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Detailed guidance on how to conduct effective voter registration at federal agencies, based on lessons from state agency voter registration via the NVRA, and a discussion of policy considerations, for agency staff engaged in the implementation of the Voting Executive Order.
Many states can designate federal agencies via a simple letter from their chief election official. This sample letter is directed to USCIS, but it can be adapted for any federal agency/program.
Explanation of why voter registration at agencies—both state and federal—is strictly nonpartisan and sample training materials for agency staff.
These resources are designed to support federal employees and their partners who are working to implement voter registration at federal agencies, as required by President Biden’s March 7, 2021, Executive Order on Promoting Access to Voting.
In this comment, we provide recommendations for addressing some barriers to voter registration faced by voters with disabilities and voters who are Limited English proficient.
A summary of our recommendations for improving the accessibility of Vote.gov, and some specific examples of improvements that can be made.
This report analyzes new voter turnout data to understand how Same-Day Registration (SDR) is reducing barriers to voting and boosting turnout for Black and Latinx Americans.
For states to realize the NVRA’s promise, they must make registering to vote and updating voter registration addresses an integral part of obtaining a driver’s license or state identification card.
Voter registration operates as a tool of racist voter suppression and has long been weaponized to silence communities of color.
Today, we have the opportunity to change this by providing voter registration at federal agencies.
Our racist criminal legal system denies voting rights to millions. We must end this practice of disenfranchisement in all its forms.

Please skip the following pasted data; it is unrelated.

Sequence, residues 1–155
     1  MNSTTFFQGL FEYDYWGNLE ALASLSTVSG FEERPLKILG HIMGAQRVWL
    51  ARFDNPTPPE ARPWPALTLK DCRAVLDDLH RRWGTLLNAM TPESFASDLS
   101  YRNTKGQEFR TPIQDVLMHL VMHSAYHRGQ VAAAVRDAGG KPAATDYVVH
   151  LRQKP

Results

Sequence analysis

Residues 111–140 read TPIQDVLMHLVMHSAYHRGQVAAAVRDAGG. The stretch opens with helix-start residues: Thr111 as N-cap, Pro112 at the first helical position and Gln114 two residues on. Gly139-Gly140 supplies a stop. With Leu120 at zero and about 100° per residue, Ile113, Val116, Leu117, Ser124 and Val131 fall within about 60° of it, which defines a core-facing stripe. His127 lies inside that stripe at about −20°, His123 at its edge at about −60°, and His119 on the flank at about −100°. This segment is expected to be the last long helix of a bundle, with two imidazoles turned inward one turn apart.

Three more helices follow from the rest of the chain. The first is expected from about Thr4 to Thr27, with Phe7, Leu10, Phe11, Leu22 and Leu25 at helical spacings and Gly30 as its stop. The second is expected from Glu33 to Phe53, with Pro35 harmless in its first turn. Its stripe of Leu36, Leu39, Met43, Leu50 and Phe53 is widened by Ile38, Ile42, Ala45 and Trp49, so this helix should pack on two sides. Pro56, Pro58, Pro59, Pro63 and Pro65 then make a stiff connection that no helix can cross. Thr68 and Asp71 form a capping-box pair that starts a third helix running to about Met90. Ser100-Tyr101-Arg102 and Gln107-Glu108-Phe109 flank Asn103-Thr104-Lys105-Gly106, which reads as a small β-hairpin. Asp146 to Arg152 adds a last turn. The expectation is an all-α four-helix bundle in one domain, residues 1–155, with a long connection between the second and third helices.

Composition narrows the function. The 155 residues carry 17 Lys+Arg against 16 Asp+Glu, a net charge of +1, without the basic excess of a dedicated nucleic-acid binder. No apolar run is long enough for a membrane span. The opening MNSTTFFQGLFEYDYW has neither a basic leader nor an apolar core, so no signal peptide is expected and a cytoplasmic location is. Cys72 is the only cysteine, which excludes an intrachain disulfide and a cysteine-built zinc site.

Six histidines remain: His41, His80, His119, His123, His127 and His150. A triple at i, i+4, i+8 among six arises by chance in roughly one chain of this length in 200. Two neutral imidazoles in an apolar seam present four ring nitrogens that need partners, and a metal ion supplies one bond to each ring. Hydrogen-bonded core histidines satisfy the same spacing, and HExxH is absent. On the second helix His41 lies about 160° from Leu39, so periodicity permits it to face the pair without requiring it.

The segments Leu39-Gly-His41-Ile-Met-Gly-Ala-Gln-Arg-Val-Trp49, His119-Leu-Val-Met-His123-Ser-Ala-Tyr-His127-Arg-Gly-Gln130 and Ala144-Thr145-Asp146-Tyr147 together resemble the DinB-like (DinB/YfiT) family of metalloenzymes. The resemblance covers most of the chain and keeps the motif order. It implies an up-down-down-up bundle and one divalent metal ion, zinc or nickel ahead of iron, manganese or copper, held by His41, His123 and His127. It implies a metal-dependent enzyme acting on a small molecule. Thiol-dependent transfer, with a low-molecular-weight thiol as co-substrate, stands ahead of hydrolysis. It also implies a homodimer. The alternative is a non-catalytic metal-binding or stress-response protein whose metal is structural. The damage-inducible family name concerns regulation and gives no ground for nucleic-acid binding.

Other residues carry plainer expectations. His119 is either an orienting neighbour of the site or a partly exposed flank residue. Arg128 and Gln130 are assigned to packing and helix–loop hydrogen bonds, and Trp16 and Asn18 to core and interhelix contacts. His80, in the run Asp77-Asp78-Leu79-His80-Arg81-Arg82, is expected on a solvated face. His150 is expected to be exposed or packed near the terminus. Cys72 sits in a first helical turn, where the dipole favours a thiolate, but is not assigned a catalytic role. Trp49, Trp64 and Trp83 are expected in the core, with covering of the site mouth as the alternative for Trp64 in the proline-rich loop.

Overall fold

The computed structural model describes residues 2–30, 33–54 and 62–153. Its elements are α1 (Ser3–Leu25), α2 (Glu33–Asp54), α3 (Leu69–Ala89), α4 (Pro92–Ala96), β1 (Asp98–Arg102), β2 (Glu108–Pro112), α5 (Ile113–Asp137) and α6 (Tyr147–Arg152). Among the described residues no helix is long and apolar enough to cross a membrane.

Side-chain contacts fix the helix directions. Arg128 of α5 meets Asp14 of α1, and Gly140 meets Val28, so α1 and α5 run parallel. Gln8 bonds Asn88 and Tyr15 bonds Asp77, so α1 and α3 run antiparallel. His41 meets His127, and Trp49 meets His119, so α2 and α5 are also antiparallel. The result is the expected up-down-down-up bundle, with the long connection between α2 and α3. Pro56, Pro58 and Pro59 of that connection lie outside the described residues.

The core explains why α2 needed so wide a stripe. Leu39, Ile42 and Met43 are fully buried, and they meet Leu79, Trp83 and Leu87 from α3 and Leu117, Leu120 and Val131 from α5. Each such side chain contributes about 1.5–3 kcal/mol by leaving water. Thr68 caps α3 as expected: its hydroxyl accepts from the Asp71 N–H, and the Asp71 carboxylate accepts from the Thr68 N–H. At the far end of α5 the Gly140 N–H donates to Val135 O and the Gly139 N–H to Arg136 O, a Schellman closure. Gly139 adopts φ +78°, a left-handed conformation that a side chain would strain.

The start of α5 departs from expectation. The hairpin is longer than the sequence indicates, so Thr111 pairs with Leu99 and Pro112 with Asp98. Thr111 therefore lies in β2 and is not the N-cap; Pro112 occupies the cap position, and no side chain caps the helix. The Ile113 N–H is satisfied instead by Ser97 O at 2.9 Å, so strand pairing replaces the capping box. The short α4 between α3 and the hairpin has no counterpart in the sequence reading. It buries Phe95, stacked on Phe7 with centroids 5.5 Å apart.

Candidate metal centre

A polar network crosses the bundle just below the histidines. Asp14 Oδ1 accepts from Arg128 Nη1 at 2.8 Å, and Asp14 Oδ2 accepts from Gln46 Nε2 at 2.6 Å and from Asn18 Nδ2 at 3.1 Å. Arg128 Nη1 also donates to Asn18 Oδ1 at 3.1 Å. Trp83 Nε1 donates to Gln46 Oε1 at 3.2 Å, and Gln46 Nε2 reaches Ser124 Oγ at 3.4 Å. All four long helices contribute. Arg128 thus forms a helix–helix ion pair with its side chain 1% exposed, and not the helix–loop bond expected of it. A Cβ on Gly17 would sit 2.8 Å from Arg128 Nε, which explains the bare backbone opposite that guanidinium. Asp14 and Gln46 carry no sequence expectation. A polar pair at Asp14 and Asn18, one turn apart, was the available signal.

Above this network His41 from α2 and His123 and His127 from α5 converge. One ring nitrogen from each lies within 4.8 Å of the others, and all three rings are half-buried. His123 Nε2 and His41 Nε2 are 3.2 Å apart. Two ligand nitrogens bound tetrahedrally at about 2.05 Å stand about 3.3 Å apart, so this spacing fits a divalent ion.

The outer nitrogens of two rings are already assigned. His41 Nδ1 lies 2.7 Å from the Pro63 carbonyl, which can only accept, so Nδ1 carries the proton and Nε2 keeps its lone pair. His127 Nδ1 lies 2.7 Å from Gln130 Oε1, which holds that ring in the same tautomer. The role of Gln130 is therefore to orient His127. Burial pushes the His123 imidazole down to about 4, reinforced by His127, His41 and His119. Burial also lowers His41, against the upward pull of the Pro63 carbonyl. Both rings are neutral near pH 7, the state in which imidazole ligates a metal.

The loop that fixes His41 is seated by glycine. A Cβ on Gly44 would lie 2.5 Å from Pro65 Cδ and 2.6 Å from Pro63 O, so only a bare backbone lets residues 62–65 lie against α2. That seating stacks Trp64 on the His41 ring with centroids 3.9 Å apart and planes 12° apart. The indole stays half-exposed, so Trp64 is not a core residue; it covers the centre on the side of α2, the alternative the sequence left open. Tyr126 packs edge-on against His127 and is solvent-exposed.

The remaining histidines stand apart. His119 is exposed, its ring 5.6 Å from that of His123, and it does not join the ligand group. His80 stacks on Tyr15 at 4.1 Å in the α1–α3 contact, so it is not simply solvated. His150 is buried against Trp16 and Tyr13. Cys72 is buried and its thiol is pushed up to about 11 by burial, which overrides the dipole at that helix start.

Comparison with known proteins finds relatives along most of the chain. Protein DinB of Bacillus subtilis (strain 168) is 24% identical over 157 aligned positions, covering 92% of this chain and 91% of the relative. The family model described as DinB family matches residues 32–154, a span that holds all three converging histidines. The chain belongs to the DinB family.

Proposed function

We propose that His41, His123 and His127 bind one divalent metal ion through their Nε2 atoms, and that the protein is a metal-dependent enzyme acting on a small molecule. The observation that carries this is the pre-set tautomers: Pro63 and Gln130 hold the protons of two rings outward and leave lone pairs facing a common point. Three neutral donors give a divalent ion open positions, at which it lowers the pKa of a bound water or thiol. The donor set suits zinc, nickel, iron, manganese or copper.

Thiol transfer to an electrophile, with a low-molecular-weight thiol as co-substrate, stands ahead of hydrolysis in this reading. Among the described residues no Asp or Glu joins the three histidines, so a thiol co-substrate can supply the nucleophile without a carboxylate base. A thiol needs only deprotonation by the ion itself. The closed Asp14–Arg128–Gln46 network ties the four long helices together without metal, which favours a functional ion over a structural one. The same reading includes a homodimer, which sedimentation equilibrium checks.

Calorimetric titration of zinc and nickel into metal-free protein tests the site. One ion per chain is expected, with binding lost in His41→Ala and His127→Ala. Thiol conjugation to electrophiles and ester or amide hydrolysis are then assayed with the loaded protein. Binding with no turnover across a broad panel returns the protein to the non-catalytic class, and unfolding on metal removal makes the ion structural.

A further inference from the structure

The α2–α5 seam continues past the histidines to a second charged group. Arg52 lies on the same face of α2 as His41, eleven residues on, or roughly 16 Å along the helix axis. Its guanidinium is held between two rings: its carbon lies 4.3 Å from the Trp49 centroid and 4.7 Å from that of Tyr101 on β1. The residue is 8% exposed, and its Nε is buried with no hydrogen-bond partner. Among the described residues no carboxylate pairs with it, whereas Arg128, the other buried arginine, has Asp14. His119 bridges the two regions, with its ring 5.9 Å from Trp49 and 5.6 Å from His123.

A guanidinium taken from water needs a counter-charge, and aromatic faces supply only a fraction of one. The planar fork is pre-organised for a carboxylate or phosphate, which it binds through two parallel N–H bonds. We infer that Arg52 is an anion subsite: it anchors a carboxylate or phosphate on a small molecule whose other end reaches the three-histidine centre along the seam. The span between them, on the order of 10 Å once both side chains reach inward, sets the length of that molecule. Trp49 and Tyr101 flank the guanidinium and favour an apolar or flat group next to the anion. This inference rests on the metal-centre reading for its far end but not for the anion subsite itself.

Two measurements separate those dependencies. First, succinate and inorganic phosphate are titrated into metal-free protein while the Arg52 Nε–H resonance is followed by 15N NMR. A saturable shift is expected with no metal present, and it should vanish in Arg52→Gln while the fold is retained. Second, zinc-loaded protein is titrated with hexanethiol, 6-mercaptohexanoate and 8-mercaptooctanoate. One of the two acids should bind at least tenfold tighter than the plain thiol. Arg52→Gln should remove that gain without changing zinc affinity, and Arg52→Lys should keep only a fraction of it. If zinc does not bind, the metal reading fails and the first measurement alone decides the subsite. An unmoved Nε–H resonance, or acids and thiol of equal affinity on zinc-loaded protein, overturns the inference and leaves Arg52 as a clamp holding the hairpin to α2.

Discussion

Removing unnecessary hurdles to small donor participation will help fix a system that currently prioritizes wealthy, white, male donors over communities of color and working-class people.
Letter in support of H.R.1 highlighting provisions to protect voters from purges and voting caging, tactics used disproportionately to silence voters of color.
The For the People Act can begin to address the longstanding racist exclusions in our democracy with policy solutions that are proven to advance racial equity.
It is time for us to recognize the right of sovereignty and self-determination for the over 4 million combined residents of Puerto Rico, Guam, the U.S. Virgin Islands, American Samoa, the Northern Mariana Islands, and Washington, D.C.
Presentation on the Impact of Select H.R.1 Policy Changes on Black and Brown Political Power
Executive actions the new administration can take to help ensure the integrity of our elections and strengthen opportunities for civic participation for Black and brown Americans.
Why we need to prioritize passing H.R.1 along with H.R.4 and legislation granting statehood to Washington, D.C. (H.R.51) as the first items of business in the 117th Congress.
This year, as we attempt to keep our loved ones safe during a deadly pandemic, more people in our communities will be voting by mail (absentee) than ever before. Counting those votes will take time.
New Mexico is failing to enable Black and Brown communities to access their fundamental right to vote.
An overview of the vote-by-mail eligibility criteria in Alabama, Texas, Georgia, Florida, Louisiana, Nevada, and California and the hurdles Black voters may face.